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New film details the strong Connecticut connections of America's worst at-sea naval disaster

More than a thousand people were killed when a German rocket bomb sunk the HMT Rohna, November 26, 1943.
Rohna Classified
More than a thousand people were killed when a German rocket bomb sunk the HMT Rohna, Nov. 26, 1943.

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November brings somber remembrances on Veterans Day and the warmth of Thanksgiving.

It's a month deeply etched with historical significance for those connected with an especially harrowing World War II disaster.

The sinking of the HMT Rohna claimed the lives of 1,015 U.S. soldiers on the day after Thanksgiving in 1943. Catherine Ladnier of Greenwich had an uncle, Bill, who survived that day. Many who did not survive had Connecticut ties.

“The largest unit on the HMT Rohna was the 853rd Engineers Aviation Battalion,” Ladnier said. “My Uncle Bill was a lieutenant. He met his men who came from Bradley Field (in Windsor Locks). The 853rd was the largest unit on the Rohna. They lost 62% of their men. There was another unit connected to Connecticut — not as large — which was the 322nd Fighter Control Squadron, who had actually trained at Yale.”

In all, Ladnier says 16 men who grew up in Connecticut died that day.

“West Haven lost three sons, all of whom were high school buddies who enlisted in the Army at the same time.,“ Ladnier said.

Despite the sinking of the Rohna going down in history as the worst-ever American loss of life at sea, the story remains largely unknown.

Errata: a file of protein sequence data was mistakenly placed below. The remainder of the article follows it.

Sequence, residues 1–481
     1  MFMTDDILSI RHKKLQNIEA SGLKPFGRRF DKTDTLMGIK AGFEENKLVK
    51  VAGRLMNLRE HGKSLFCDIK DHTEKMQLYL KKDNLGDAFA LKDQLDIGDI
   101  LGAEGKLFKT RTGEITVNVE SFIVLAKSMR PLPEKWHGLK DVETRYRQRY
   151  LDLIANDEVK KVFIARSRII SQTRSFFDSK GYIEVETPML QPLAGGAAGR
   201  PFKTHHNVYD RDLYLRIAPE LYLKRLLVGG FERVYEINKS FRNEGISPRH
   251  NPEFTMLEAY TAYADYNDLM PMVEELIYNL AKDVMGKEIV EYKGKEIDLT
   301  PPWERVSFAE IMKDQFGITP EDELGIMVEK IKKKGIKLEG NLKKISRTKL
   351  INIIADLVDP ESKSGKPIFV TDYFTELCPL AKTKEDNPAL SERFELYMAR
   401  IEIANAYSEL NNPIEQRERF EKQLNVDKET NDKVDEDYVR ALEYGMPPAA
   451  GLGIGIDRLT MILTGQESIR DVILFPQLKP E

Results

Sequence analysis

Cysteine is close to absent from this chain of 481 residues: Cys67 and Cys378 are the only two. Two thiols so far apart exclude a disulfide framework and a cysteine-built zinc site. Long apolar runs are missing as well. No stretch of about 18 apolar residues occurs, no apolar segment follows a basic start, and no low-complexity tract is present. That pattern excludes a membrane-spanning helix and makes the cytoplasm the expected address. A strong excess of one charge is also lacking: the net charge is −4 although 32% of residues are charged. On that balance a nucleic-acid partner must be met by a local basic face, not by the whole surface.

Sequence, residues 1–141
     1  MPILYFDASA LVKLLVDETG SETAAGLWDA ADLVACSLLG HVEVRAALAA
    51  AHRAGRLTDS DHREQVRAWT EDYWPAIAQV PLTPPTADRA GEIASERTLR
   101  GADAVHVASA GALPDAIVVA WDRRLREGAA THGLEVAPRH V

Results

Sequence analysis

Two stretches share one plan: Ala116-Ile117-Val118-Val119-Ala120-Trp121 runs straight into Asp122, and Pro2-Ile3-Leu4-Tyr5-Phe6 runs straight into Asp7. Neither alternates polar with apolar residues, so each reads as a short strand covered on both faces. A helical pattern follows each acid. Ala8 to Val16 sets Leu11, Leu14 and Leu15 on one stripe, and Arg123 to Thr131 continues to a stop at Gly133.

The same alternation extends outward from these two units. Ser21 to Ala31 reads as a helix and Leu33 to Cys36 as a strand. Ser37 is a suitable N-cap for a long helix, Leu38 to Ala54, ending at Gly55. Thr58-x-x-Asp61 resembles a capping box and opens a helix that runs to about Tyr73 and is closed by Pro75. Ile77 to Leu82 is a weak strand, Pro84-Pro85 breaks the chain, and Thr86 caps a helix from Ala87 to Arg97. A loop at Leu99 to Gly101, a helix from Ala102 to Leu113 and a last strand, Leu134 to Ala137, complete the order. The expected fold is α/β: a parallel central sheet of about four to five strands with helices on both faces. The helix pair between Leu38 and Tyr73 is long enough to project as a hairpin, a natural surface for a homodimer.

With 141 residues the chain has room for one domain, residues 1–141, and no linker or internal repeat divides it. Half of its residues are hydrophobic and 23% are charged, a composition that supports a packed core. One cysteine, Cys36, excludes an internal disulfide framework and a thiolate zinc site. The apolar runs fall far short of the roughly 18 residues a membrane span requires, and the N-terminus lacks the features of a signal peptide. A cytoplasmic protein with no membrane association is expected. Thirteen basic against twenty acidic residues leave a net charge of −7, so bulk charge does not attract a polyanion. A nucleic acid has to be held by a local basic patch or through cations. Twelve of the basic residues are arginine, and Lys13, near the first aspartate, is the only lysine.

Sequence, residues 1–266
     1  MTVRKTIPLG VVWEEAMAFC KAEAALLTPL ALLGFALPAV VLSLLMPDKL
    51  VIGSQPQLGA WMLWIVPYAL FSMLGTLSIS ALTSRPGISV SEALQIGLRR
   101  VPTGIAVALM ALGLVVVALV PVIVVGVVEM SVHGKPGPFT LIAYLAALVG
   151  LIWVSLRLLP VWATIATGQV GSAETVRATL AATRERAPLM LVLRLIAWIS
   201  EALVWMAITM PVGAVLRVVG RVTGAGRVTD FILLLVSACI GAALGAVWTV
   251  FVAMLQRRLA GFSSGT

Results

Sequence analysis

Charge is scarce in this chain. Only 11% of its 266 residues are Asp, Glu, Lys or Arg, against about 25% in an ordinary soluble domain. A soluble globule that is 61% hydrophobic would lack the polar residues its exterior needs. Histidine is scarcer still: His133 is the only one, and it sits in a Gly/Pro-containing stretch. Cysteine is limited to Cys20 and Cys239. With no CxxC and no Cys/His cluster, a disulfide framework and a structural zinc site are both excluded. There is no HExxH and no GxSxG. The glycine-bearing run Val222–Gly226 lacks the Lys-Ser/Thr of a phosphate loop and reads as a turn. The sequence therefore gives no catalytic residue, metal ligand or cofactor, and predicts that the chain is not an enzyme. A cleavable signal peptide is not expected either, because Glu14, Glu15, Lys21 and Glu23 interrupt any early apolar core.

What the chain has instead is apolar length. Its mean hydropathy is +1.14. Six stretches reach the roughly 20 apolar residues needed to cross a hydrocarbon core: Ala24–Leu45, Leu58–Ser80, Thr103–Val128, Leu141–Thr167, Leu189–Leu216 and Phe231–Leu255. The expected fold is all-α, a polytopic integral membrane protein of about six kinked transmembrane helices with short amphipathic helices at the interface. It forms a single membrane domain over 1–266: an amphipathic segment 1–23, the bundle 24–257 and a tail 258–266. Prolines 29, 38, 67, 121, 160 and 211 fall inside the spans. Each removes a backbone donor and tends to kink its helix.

Filmmaker Jack Ballo is nearing completion of a documentary titled "Rohna Classified."

He sheds light on why.

"It was classified for decades after the war was over," Ballo said. "Some people would say it was due to confusion because it was a British ship with U.S. soldiers. Others say it was a war department covering up mistakes that they made."

Ballo reveals the grim details that unfolded on that fateful day: The ship was overcrowded, lifeboats were nonfunctioning, and soldiers were issued unfamiliar life belts instead of standard naval life jackets.

The War Department, eager to shield its mistakes, chose to classify the incident, leaving grieving families in the dark for an extended period.

Because the War Department classified information about the Rohna disaster, survivors like Ladnier’s Uncle Bill were sworn to secrecy.

"Uncle Bill would write home and say to my mother, 'Those questions you asked have to go unanswered,'" Ladnier said. Families faced immense difficulties in obtaining information about their loved ones. Letters sent to soldiers on The Rohna returned stamped "Undeliverable. Deceased," with no other information.

Reflecting on the government's decision to keep such catastrophes a secret, Ladnier understands the reasoning, but expresses regret.

"I wish that in the case of the Rohna that it hadn't taken so long for the families to find out what actually happened to their sons," she said.

Ballo, echoing similar sentiments, emphasizes the pain families endure when denied the truth.

"One thousand parents went to their own graves, never knowing how their boys died," he said. "You know, they just never came home."

Ballo’s film "Rohna Classified" debuts on Nov. 25 in New Jersey. Learn more about "Rohna Classified" at rohnaclassified.com.

John Henry Smith is Connecticut Public’s host of All Things Considered, its flagship afternoon news program. He's proud to be a part of the team that won a regional Emmy Award for The Vote: A Connecticut Conversation. In his 21st year as a professional broadcaster, he’s covered both news and sports.

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